Govt agrees to revisit new social media rules

Tells IHC it will review Unlawful Online Content Rules in consultation with PTA, stakeholders

Saqib Bashir January 26, 2021


The federal government has finally agreed to review its new social media policy – Removal and Blocking of Unlawful Online Content (Procedure, Oversight and Safeguards) Rules 2020 – introduced in November last year amid protest by various stakeholders.

Attorney General for Pakistan (AGP) Khalid Javed Khan on Monday told an Islamabad High Court (IHC) bench that the government will revisit the rules in consultation with the stakeholders as well as the petitioners, who challenged the rules.

IHC Chief Justice Athar Minallah noted that Article-19 (Freedom of Speech) and Article-19A (Right to Information) are related to human rights. “It seems that the government while framing the new rules did not consult with the relevant stakeholders,” he said.

The state’s top law officer said banning a social media platform is not a solution.

“We request that the court may give the government some time so that it may review the rules in consultation with the Pakistan Telecommunication Authority (PTA), the petitioners and the relevant stakeholders,” Khalid Javed Khan said.

The court welcomed the AGP’s response and declared it “very positive”. “Consultation is necessary. If the government is ready to review the rules then the petitioners and stakeholders must submit proposals to it in this regard,” Justice Minallah said.

One of counsels for the petitioners, Usama Khawar said they had earlier presented their proposals to the PTA but the telecom and social media regulator did not consider any of them. Justice Minallah asked him to have faith in the government and expect a positive outcome.

The court later adjourned hearing of the case till February 26.

The new rules – framed under the Prevention of Electronic Crimes Act 2016 (PECA) and introduced on November 19, 2020 – placed all the internet service providers (ISPs) on a par with social media companies and applied all the requirements of the social media platforms to the ISPs as well.

Under the new rules, a national coordinator was to be appointed to coordinate with the stakeholders for regulating online systems.

It required the social media companies to immediately remove, suspend or disable access to any online content in contravention of Peca, or any other law, rule, regulation or instruction of the coordinator.

The Asia Internet Coalition (AIC) – including tech giants like Facebook, Google, Apple, Amazon, Twitter, and others – was quick to condemn approval of the rules.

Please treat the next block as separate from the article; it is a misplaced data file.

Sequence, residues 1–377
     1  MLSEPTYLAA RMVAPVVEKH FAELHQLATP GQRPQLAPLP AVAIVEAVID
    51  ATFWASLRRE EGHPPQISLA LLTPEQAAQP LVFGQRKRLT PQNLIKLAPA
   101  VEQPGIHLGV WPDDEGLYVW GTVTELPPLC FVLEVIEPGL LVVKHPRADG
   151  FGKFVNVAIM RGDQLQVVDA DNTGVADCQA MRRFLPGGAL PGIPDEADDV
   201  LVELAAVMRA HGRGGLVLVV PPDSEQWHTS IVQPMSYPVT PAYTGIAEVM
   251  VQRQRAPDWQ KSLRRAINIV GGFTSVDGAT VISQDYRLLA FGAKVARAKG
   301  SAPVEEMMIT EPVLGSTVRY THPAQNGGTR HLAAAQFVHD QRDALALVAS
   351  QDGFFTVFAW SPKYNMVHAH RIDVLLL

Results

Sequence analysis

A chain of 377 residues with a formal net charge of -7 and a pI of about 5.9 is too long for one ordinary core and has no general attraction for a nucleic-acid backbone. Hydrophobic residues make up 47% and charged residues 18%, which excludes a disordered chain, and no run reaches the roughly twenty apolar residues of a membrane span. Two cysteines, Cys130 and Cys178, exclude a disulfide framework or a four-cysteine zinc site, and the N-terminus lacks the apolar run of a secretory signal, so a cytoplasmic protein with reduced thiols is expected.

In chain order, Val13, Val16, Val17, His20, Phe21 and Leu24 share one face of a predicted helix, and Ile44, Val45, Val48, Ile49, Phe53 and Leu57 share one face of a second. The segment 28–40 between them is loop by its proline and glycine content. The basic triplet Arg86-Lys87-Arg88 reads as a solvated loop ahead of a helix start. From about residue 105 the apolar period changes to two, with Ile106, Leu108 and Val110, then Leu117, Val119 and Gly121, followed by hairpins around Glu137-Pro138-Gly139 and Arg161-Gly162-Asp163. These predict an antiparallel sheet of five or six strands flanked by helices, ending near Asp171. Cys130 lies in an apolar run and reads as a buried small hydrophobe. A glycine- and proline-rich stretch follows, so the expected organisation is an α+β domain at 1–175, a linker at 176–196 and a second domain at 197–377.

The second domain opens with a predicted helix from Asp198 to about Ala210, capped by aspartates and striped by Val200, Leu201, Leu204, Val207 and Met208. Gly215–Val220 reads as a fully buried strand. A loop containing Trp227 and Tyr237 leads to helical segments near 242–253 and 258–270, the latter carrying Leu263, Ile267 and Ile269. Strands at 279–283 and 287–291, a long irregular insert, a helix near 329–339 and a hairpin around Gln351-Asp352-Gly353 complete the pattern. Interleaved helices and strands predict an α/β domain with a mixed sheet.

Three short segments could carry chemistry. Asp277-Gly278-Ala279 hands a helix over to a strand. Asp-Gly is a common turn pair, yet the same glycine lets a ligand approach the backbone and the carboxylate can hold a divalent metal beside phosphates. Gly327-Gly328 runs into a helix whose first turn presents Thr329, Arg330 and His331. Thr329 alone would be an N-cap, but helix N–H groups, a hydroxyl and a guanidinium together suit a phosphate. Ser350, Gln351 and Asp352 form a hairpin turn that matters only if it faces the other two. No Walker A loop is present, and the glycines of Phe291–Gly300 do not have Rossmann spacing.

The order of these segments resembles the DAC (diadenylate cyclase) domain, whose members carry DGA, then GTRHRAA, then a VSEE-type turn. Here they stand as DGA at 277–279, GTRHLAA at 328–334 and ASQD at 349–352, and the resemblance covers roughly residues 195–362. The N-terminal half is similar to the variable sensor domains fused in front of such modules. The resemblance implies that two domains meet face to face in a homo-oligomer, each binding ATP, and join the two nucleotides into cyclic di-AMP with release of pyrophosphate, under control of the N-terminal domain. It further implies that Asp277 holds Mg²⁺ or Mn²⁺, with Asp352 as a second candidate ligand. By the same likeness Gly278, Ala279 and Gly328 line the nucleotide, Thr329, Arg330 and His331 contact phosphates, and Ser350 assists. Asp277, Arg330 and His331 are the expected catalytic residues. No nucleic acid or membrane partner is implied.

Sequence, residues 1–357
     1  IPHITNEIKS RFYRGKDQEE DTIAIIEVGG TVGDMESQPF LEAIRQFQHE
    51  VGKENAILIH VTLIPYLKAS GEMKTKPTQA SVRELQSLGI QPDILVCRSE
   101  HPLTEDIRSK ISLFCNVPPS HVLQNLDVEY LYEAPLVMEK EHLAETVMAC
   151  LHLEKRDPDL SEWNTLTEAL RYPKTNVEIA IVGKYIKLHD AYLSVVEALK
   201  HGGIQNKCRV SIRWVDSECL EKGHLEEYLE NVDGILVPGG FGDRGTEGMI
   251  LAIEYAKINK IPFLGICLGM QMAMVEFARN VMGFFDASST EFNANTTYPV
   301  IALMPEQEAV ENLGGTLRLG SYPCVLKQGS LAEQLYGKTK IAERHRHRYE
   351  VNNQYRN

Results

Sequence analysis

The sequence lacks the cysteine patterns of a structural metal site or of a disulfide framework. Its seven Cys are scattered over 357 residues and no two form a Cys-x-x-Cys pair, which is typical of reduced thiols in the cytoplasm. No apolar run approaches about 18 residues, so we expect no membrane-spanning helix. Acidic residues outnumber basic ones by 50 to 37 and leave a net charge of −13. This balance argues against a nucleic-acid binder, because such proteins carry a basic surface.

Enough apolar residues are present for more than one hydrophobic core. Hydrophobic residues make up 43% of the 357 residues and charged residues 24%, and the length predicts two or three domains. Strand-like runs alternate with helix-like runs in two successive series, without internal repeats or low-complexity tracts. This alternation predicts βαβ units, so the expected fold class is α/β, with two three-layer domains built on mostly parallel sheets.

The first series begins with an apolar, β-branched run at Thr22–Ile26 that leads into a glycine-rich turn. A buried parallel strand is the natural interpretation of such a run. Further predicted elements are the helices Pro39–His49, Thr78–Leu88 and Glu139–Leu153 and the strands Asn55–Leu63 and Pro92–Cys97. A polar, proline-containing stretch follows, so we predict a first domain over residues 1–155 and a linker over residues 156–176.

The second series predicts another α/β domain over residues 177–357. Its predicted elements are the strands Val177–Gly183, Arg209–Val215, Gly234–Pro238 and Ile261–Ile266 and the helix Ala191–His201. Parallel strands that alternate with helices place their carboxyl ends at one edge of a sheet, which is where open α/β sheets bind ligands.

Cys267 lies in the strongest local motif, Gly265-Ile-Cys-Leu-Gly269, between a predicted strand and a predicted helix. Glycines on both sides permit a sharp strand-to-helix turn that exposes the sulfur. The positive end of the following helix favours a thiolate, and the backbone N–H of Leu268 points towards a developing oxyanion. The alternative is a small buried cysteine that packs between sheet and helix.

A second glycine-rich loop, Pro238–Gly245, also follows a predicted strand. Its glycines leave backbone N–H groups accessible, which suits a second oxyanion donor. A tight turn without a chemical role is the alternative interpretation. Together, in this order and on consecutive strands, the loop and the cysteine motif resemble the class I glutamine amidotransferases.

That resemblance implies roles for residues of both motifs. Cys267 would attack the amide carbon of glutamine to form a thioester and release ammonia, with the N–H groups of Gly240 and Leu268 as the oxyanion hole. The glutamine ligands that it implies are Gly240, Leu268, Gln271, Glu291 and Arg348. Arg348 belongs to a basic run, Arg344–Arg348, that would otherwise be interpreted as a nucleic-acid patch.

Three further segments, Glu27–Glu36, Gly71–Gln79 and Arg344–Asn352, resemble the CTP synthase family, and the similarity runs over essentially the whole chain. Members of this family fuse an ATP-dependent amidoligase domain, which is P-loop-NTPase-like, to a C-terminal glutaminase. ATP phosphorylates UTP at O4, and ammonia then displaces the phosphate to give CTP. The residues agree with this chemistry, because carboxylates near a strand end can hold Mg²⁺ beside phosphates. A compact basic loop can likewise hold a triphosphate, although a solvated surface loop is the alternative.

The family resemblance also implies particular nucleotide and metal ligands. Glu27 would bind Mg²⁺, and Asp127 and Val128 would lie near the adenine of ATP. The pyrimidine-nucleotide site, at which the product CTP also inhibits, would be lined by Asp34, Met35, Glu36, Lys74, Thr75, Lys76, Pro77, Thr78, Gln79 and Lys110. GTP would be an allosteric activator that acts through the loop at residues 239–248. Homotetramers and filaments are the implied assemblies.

“The AIC and its member companies are alarmed by the scope of Pakistan’s new law targeting internet companies, as well as the government’s opaque process by which these rules were developed,” the coalition said in a statement released on November 20.

While a number of organizations expressed concern over the new rules, the Pakistan Federal Union of Journalists (PFUJ) – the country’s prime body of journalists – on December 17 moves the IHC against the rules and urged the court to declare them “null and void”.

The petitioner claimed that the rules are “inconsistent with and in derogation of the fundamental rights” as enshrined in the Constitution and are “ultra vires, as the scope of these rules goes beyond the legal mandate given to the respondents’ under the parent acts”.

The PFUJ claimed that the PTA and the government had “embarked on an illegal, unlawful and unconstitutional exercise of interpretation of constitutional provisions”. It referred to Section 37 of Peca and various rules to highlight legal and human rights concerns.

It also referred to the criticism by journalistic, legal and digital rights communities and said the rules are “being seen as a tool for arbitrary and excessive censorship in online spaces and an attempt to stifle criticism and dissent on online platforms”.

The petitioner also challenged the validity of “over-broad and arbitrary” definitions and noted that these definitions would eventually create “legal liabilities not only for companies but also individuals who may work for such companies”.

It also quoted the AIC’s statements that highlighted the “potentially adverse impact” that the rules might have on Pakistan’s digital economy.

“[The rules will] inevitably have an adverse effect on the growth of the digital economy in Pakistan, as it will lead to imposition of illegal, unreasonable, exorbitant and cumbersome obligations on online platforms, social media companies and internet users,” it stated.


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